For better or worse, we are all designed to fulfill different community needs. And this, by the way, is why the community has to support each one of us.

    Amen. Bring back compassion and community.

  11. Lisa, you are so brave in your ability to wade into the muck. I so admire you, for your words on your blog (and ours :) ),and for your courage in life. Love you!

  12. Did you hear the Mayor of Montreal's speech? I am impressed by that man. It was on As It Happens (CBC Radio) last night.

    I live two hours away from either Saskatchewan city where there is an Occupy protest, but am thinking about what I can do to support the protesters, and maybe I can send some cash to someone in the city who would distribute sandwiches or something.

  13. Kate, on the first day of Occupy Toronto, I was in the city shooting a short film. I decided I was going to Occupy Toronto until, you know, it was time to go home and have a glass of wine and a bath (oy, me). But I drove in circles, searching, and found nothing! Turns out they hadn't occupied Bay Street (our equivalent of Wall Street), but St. James Square. I missed it! That said, haven't been back, despite my ambitions. The Toronto Star published a great story about the men and women who bring water and clothes and food to the occupiers. Love that. I missed the As It Happens story. Will look out for it. Thanks!

  14. Read both your blogs all the time...Here I go...weighing in for the first time....The 60's was an easy protest. The villians were identifiable and the crime was on the news every day...Vietnam....Racial and Sexual Inequality..Above ground nuclear testing(Amchitka)...There were leaders to villify...there were laws and legislation to be written..there were civil rights to be legally inforced....It was LBJ...It was Nixon..It was the U.S. Military machine...and WE were the political(VOTES) and economic($$$$) force that would change the social landscape for generations.....and this is where I have felt so sorry for the youth of today....they are frustrated and angry...but..Who is Wall Street? We know there are crimes....but who do you criminally charge.....that won't be replaced by another corporate V.P. in a heart beat! The issue is too vague...The criminals are faceless...Why has not one candidate for President in the States stood up and said they will make this right? Or are they just there to maintain the status quo? The real power for change is in the VOTE and in our $$$$!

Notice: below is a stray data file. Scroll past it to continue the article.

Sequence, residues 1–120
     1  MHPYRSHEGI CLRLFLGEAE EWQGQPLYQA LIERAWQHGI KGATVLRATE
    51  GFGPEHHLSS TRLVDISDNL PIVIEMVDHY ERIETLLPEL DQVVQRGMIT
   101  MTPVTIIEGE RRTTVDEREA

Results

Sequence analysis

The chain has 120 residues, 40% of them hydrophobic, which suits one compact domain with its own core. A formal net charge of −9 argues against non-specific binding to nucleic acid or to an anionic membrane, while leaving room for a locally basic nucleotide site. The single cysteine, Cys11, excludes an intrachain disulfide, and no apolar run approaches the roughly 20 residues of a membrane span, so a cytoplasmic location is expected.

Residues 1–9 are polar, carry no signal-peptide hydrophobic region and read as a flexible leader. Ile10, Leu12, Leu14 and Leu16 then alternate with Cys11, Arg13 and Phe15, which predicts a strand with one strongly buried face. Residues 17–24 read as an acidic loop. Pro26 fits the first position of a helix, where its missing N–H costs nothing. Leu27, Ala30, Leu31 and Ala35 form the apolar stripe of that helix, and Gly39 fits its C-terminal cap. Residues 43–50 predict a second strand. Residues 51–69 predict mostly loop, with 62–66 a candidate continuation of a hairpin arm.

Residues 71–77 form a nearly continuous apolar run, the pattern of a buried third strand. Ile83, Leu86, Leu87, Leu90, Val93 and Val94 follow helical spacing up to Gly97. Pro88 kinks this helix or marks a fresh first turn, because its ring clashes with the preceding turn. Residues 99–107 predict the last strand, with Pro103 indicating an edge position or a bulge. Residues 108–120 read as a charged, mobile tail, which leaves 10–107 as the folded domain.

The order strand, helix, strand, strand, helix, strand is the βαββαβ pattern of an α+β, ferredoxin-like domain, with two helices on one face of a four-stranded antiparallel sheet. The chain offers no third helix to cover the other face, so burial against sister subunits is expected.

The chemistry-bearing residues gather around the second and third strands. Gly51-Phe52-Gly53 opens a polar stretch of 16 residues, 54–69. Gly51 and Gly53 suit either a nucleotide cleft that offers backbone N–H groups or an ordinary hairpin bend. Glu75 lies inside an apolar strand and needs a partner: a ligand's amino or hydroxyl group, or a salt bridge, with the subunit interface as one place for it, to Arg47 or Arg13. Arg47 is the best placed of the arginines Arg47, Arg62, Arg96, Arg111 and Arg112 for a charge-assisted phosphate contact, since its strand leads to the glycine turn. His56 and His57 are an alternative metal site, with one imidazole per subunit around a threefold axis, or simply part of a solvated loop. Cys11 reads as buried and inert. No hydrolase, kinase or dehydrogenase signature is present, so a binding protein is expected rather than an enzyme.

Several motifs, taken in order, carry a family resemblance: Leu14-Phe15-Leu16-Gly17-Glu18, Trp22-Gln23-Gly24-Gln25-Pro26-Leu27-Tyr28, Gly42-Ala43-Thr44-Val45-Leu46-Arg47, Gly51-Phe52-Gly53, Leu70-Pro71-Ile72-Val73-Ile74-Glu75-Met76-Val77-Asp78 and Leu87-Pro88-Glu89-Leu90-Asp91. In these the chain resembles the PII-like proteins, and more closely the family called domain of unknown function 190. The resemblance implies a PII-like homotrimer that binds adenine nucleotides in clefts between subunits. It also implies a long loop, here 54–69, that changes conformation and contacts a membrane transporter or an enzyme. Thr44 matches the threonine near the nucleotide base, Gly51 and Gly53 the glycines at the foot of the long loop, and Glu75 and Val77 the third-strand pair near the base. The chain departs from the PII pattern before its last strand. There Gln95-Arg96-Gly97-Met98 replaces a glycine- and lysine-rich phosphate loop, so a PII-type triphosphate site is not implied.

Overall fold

The real agents of change are at work today...are attending high schools, colleges and universities...are raising families..they have homes where voter registration is secured....they have bank accounts where online buying can change economic direction....The Agents of Change are not in Tents! Sadly... most are the same people who "asked me for Change" the last time I was at Yonge and Bloor....The agents of the Status Quo want the Tent People there a little that the Occupy Movement will be defined and remembered by what is Left(pun intended)... today's Tent People are tomorrow's Sewer Grate People...The weather has is getting cold outside...I hope that the real Agents of Change are still thinking...planning...organizing...mobilizing.......THEIR VOTES and THEIR $$$$

  15. Scott! First of all thanks for reading. And secondly, thanks so much for choosing to weigh in today of all days. You make so many great points. Our young people have to VOTE (happily mine do, and they GET IT, but sadly, they're not the norm). I fear that your pronouncement of why some might want the occupiers to stay might well be true -- feeds right into my niggling worry that they need to take down their tents if they want to keep stoking the resolve to move forward. Right now, the movement has a majority support in Canada, but that could change in a heartbeat given worst case scenarios. But the homeless need help and compassion too and are very much a part of the whole problem/discussion. Bottom line, we need to keep our younger generations involved in the push. They/we CAN change the vicious cycle.

  16. PS that (points up) should have been signed Barbara (sorry!)

  17. I'm kvelling to hear about Luke & his GF Meagan participating in grass roots democracy!
    I've always liked this phrase:
    "Where am I going?
    I don't know.
    When will I get there?
    I ain't certain.
    All that I know is
    I am on my way!"

  18. Barb, you make a good point - not all of us are designed to be engineers. I'm a philosopy major from many, many moons ago. My concern is that the occupy movement is going to become irrelevant - something like the homeless person we walk by five or ten times a day but never see because we're wrapped up in our own package. Your notion of going home and recharging is a good one because then the picture would change and people might become more inclined to take a renewed interest. Who knows?

  19. Viewpoint2010 -- Yes, exactly! People are easily inured, so a change up could be effective. As you say though, who knows... (and PS, I can't help wondering if people gave you flack for wanting to be a philosophy major? Much as flack could have been thrown at me -- but wasn't -- when I chose to study acting at university.)

    Sharon, thanks for the rally cry! That's a perfect one.